When Hugo Ball initiated the Dada movement in Zurich, I bet he would never have imagined that his idea of random art would become a major influential art trend that has already lasted more than 100 years. After the first night at the Cabaret Voltaire, the idea of creating anti-art and opposing both expressionism and futurism quickly became popular – always bearing the key-principle in mind: to mean absolutely nothing.
The idea of being devoid of meaning and simply conveying fun and nonsense were necessary after World War I. Dada was supposed to oppose the commonly recognised idea of art and was not intended to be part of impressionism, expressionism, symbolism and others. Mankind, however, needed Dada to be categorized and so attached the suffix “ism”.
A similar course of events happened to pop icon Lady Gaga. At the beginning of her career she announced: “I don’t mean to sound pretentious, but I’ve made it my goal to revolutionize pop music.” And so she did. Bringing art to the stage, she showed everyone how to create a vivid identity for yourself by also using elements of Dadaism. By changing her appearance almost every day and creating valuable, literary pop-songs, she stood out from all previous pop artists and became one of the most influential musicians according to Forbes. But is Lady Dada really perceived as a pop music revolutionary? Today, she is often compared to Madonna, and listed alongside Pink, Beyoncé and Gwen Stefani.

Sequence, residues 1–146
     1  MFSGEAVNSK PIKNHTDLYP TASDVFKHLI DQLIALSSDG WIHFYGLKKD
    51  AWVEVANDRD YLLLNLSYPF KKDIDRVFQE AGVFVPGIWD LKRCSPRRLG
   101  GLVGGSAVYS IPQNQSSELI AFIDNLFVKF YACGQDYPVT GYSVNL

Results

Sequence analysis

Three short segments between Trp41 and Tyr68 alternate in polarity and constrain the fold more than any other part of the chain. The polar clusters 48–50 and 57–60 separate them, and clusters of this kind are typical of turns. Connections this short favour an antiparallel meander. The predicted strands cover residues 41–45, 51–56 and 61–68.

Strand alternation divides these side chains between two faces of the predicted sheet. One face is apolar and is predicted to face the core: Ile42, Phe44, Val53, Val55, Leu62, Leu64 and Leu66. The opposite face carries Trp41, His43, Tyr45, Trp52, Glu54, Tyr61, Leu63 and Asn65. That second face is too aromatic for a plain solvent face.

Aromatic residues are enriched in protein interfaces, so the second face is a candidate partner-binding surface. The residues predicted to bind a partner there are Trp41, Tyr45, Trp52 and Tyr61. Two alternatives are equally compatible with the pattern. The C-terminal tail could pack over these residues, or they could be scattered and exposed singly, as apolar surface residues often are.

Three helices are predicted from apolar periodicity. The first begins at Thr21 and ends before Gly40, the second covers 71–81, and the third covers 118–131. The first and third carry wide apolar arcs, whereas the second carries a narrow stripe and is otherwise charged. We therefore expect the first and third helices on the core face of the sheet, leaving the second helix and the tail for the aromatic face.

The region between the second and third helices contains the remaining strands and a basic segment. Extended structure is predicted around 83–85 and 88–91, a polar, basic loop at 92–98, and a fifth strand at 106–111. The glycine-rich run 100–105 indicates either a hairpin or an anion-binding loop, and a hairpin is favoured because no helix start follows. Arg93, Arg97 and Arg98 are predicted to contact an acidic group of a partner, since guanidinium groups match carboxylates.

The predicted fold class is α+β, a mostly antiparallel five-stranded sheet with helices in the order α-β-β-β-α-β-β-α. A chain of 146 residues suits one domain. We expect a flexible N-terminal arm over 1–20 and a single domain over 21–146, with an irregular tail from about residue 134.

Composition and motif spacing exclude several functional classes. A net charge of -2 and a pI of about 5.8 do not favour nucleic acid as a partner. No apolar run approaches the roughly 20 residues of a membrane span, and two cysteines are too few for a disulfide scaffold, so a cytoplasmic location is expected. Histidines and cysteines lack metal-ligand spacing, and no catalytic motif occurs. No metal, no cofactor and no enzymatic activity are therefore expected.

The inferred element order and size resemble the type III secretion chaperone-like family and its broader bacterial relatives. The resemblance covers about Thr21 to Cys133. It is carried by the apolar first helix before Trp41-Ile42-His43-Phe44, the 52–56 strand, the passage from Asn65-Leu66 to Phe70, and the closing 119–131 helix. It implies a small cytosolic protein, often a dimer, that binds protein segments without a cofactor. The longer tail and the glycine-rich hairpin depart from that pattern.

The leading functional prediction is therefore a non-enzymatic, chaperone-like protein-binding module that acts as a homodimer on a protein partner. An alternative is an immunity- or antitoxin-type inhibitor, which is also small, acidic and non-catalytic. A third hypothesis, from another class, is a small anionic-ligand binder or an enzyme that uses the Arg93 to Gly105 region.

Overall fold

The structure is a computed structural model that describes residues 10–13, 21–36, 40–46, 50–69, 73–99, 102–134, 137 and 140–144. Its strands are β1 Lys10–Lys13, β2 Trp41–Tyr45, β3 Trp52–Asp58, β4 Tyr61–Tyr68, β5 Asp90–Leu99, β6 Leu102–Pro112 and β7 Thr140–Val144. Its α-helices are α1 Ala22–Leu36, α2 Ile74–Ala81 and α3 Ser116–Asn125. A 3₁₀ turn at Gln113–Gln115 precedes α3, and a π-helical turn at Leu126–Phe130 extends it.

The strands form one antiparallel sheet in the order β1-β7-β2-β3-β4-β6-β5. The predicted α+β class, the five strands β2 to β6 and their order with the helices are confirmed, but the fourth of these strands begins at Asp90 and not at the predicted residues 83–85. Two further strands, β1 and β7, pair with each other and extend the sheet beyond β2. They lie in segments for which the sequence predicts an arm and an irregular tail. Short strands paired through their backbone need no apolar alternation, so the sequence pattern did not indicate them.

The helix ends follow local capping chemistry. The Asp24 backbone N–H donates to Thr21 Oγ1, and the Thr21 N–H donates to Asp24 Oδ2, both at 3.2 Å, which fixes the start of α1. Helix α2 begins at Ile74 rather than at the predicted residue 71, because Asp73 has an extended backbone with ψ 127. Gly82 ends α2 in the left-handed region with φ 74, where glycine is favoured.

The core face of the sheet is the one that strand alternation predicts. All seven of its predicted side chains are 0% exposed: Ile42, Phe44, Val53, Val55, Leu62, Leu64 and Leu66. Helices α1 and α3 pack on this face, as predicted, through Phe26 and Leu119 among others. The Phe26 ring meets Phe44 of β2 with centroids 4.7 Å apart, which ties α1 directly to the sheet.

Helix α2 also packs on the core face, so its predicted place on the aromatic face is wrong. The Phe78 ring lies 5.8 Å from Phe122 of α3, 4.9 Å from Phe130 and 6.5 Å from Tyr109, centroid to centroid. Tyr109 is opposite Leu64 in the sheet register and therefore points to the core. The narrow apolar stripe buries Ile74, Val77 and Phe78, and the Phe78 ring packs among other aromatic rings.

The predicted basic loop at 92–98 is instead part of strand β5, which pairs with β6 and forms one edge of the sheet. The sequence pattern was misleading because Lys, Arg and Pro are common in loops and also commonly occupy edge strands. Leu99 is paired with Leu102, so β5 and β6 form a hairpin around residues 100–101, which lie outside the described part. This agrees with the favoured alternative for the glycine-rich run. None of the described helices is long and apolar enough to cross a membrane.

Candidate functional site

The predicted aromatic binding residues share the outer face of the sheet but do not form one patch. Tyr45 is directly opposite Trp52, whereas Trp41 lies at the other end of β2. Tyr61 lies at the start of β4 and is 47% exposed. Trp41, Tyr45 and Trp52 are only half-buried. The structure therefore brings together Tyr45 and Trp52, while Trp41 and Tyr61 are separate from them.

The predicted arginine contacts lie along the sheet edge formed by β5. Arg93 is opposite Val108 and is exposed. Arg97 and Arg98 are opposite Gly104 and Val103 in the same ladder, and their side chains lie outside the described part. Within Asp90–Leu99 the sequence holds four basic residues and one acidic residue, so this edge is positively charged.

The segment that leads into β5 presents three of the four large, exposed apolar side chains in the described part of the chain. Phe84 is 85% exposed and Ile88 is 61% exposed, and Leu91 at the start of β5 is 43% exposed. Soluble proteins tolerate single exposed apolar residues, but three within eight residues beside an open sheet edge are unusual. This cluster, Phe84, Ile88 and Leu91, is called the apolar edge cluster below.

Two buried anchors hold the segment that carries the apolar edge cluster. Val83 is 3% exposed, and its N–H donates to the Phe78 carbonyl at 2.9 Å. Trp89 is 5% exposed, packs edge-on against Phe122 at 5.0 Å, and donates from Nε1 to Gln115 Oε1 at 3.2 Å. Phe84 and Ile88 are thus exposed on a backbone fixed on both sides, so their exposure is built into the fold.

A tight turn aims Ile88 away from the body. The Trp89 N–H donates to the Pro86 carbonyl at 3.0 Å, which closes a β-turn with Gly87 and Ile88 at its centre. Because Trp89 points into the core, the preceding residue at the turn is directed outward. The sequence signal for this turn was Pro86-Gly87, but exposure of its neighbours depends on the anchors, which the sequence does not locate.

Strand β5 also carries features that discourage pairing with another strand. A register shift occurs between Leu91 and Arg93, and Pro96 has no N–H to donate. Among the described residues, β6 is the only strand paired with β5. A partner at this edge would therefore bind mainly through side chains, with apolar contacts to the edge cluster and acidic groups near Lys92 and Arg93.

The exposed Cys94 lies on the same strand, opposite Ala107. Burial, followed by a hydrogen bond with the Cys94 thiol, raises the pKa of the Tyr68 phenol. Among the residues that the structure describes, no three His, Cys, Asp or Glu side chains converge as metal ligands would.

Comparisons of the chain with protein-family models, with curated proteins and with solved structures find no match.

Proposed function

Dada and Lady Gaga became leading examples and thus brands for certain time periods. The dissatisfaction with the current state of affairs gave Hugo Ball and Lady Gaga the urge to create something radically new within their industry. But in the end, mankind needed the misfits to be categorized and lined them up with existing concepts and idols.